Despite the piquant situation, the issue raised furor when Minister of State for Home, Haribhai Parathibhai Chaudhary told the Parliament that the question of criminalizing marital rape in India has no relevance “as marriage is treated as sacred here.”

Does marriage being a sacrament provide one with the legal right to rape a woman?

South Asia director at Human Rights Watch Meenakshi Ganguly had retaliated saying that it is particularly concerning when a government that claims to secure the safety of women inside and outside national territory shamelessly turn to justify a crime in the name of culture and tradition.

Group director of social and economic development at the International Centre for Research on Women (ICRW) Priya Nanda asserted in an interview with a leading portal that “the reason men don’t want to criminalize marital rape is because they don’t want to give a woman the power to say no.”

In 2013, a three-member commission headed by Justice J.S. Verma suggested remedial measures to combat sexual violence in India, following the 2012 Nirbhaya rape case. One of its recommendations was the criminalization of marital rape.

ALSO READ Reasons Why Marital Rape Should Be Recognised as a Criminal Offence

The recommendation was ignored by the government as a large amount of people questioned its efficiency saying if made a crime,

  • It might be misused by people
  • It will be difficult to prove
  • It might break up marriages

But, how fair is it to not have a law against marital rape, only because of the reason that it is ‘difficult to prove’?

In a broader understanding, it needs to be understood that the criminalization of marital rape must not be viewed as a step against men or the institution of matrimony, but as an attempt to demolish the patriarchal system that continues to clutch the Indian society.


 

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Decimation and Missing of Hindus in south Asia

The population of Hindus has declined at an exponential rate in about last 50 years.

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Hinduism in Australia
A ritual in Hinduism. Wikimedia

There was recently an article published at dailyo.in titled “The missing Hindus in South Asia and a conspiracy of silence” by Saswati Sarkar. She laments that Indian media is quick to cover all kinds of international events, be it Arab Spring or Gaza conflict or beautification of saints at the Vatican. But it is surprisingly silent to the genocide of Hindus at the global level and more closely in their vicinity,ie, neighboring countries. Seh says that there a ‘conspiracy of silence’ in our media regarding decimation and missing of Hindus in south Asia region.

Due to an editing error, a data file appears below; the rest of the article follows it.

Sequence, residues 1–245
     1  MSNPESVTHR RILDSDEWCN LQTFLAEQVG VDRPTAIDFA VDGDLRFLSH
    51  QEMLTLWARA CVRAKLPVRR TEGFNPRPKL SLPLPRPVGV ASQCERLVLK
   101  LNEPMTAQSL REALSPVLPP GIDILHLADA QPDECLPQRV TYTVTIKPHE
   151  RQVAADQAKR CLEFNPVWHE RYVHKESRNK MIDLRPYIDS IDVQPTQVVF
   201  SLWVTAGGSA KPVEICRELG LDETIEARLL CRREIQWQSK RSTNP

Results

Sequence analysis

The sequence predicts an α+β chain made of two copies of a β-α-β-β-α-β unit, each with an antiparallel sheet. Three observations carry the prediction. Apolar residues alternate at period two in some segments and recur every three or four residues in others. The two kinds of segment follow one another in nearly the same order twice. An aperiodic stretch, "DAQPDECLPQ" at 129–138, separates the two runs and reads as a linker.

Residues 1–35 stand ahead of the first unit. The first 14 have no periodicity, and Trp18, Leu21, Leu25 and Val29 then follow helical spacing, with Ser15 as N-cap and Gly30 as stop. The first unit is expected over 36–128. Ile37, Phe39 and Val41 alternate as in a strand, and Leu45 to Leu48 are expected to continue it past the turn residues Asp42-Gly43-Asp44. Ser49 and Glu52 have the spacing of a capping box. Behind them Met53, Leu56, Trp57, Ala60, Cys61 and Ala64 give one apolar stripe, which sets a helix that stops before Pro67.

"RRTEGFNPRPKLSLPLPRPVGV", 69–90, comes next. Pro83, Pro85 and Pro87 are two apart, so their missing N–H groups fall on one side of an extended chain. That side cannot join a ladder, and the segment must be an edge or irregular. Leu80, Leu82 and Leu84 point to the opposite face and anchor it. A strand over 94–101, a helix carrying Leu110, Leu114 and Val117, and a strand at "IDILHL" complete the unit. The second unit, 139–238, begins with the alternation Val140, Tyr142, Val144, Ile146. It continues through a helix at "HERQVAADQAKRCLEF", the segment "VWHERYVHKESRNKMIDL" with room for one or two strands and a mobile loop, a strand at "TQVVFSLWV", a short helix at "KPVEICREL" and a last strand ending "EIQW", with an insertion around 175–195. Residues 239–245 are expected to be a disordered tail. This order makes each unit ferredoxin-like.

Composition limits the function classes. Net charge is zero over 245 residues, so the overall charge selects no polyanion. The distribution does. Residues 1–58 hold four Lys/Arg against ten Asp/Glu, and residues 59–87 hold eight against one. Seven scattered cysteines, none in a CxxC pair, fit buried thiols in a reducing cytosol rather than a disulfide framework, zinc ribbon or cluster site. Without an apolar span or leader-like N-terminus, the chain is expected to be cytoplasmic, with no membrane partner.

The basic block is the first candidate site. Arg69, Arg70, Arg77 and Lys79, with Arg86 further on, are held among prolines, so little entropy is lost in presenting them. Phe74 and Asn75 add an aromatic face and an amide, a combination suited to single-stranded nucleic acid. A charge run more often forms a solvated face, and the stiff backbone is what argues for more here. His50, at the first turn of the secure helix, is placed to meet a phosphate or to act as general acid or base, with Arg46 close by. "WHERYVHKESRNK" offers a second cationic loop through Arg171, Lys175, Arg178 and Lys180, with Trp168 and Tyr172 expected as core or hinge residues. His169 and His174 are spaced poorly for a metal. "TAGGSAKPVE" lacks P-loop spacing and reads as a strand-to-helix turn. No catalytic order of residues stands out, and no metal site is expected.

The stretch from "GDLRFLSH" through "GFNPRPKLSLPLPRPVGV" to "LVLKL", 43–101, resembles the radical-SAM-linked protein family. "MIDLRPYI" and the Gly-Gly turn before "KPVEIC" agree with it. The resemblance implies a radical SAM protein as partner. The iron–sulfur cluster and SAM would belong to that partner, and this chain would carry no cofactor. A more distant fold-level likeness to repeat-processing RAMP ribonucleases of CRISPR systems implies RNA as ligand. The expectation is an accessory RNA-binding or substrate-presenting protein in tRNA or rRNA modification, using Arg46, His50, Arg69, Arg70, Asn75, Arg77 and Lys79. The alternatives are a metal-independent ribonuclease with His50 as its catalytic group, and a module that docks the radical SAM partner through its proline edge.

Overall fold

According to Sarkar, our neighbors such as Bangladesh, Pakistan, Bhutan, and Myanmar have done a commendable job in eradicating the very essence of Hinduism in their respective countries. She adds that starting off with the scandalous episodes we have Pakistan on our list at the top. When it comes to India, Pakistan is the mother of all conspiracies.

Pakistan: A closer look

The population of Hindus has declined at an exponential rate in about last 50 years. As mentioned by Saswati Sarkar“ In 1947, Hindus constituted about 15 percent of the population of West Pakistan (current Pakistan); by 1998, it is about 1.6 percent “ Thanks to all the social and legal discrimination which exists there. Some of them are as follows

  • Only Muslims are allowed to stand for presidential/prime ministerial candidate.
  • Targeting Hindus via court harsh punishments such as death sentences through Blasphemy laws.
  • Not giving any family-related laws to non-Muslims.
  • Promoting hatred against minorities in through academics (via schools and Madrasas).
  • Forcing women and girls to change religions.
  • Even temples have not been spared .Stone idols were smashed off. One of the most sacred places such as Hinglaj Mata temple was also targeted. As a result, many Hindus are now taking refuge abroad with no hope left behind.

Bangladesh: A closer look

Coming off to the next episode we focus towards Bangladesh. Continuing the legacy of killing Hindus it has performed indeed well.

  • Simply in the name of Hindu women are raped here.
  • Girls are sold.